Compare this to my experience with my other two 85 healers, the shaman and priest. Each of them has a significantly higher iLv than my druid (probably by at least 3o points), but I always step into a random group with them with much less confidence. Sure, I have mapped out my keybindings to be similar between all my healers, so that I know I can always hit one button when I need to use a major throughput cooldown, or another button for my mitigation one. Similar spells share the same mousebinds – Rejuv and Renew, for example. And my alt healers always have the benefit of my main druid’s experience; she does all the new dungeons and raids before they do, so I know when to expect large damage spikes and what aspects of a fight will be particularly challenging.
Inevitably, there’s always a problem with my shaman and priest – they aren’t druids. So while I’ve prepared myself as best I can to heal with them at the same skill level as I do on my main, at the end of the day I know it’s just out of reach. When a tank is about to die, I experience a moment’s hesitation on my priest. Do I put a shield on him and spam my largest heal? Do I use Pain Suppression? Do I just keep healing? It’s possible any of these answers could be the right one, but my fault is that I can’t just DO something, I feel compelled to think through my options. In that same situation on my either of my druids, I might do any one of a number of things, and I might not even respond the same way every time, but the difference is that I just don’t think about it. I know that I have the tools I need to keep the tank standing, and I act.
This type of instinct isn’t exclusive to healers. Any player who has spent a great deal of time practicing on their main can experience this kind of understanding of their character. Back at the start of Cataclysm, a group of guildmates and I spent two and a half hours in Heroic Stonecore the first time we attempted it. Slabhide ended up being a one-shot for us, but only narrowly so. When the dragon came down from her first air phase and eventually used her shard attack (the one that you’re supposed to avoid by hiding behind the stalactites that drop down), our all-melee group didn’t realize just how far away from Slabhide’s hitbox they had to be so as to not be hit by the shards. In that one phase, we lost our tank, our fury warrior, and our rogue. Our deathknight and I were the only ones left standing, and Slabhide still had nearly 40% health.
Lyshra, our deathknight, hates tanking. She claims to be allergic to it. But Lyshra immediately went into tanking mode as soon as our tank fell. She went into Blood Presence and, well I’d be out of my element to describe any more than that, but suffice to say that she hit all those cooldowns and buttons that a DPS death knight should when she has to tank in a pinch. I healed like crazy, and I managed to keep both of us standing long enough to kill Slabhide. When we finished, I had no mana and Lyshra didn’t have much health, but we had won.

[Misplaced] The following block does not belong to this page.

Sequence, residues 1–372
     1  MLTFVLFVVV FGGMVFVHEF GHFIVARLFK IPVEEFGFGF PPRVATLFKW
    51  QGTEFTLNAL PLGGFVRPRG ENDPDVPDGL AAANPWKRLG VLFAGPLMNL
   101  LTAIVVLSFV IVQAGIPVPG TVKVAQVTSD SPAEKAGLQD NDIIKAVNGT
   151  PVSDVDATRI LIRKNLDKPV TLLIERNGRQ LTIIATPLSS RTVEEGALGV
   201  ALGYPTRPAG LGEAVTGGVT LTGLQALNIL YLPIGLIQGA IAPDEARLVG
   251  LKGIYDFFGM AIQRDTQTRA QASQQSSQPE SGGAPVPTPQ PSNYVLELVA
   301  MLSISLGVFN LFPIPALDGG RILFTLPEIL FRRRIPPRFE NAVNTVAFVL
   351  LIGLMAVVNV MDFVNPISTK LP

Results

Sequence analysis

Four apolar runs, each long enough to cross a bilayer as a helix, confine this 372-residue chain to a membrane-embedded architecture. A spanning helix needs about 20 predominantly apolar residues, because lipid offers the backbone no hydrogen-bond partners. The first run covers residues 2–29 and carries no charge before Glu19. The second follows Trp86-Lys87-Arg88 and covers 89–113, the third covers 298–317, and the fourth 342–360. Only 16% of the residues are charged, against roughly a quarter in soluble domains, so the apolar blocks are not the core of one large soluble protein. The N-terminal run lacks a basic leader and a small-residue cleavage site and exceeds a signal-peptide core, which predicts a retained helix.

Lyshra and I didn’t spend any time thinking or coordinating what we were going to do when our party members died – we didn’t have time to. We didn’t even speak in vent or in chat about it. We just kept going, we just acted. Instinct, confidence, and an unwillingness to give up when we knew we could win made it possible for us to complete the encounter. Those are the qualities that make for a good player, and they truly cannot be taught.
It doesn’t matter how many articles or guides I read about how to heal as a shaman or priest. In some ways, it hardly matters how much time I spend raiding or running dungeons on them for practice. My druids will always have an edge over them because my main has been there first. As obvious as it is, you only get one opportunity to see a dungeon the first time. You only have that one time when you work out how an encounter works and how your tools will fit within that encounter. After that, even if you switch roles, you will still be viewing that encounter through the eyes of the character who was there first.
Expansions are WoW’s only true skill equalizer. Gear may be reset each patch, but only an expansion asks us to look at our abilities from a fresh perspective and apply them to content for which we are, often, undergeared. If you’re considering switching mains or if you simply want to develop your instincts on your current main, the beginning of Mists is going to be an essential time for you. As the bloggers above have mentioned, great players are not born, they can’t be taught, nor can we learn everything we need to know my reading a guide to our class. If you’re ready to advance your level of play, prepare to throw yourself into Mists content on the character with whom you most want to excel. Don’t worry if you don’t feel ready – you may not be. But the experience of learning to think on your feet, and then – eventually – knowing how to simply do without thinking is the best way to learn how to be a good player.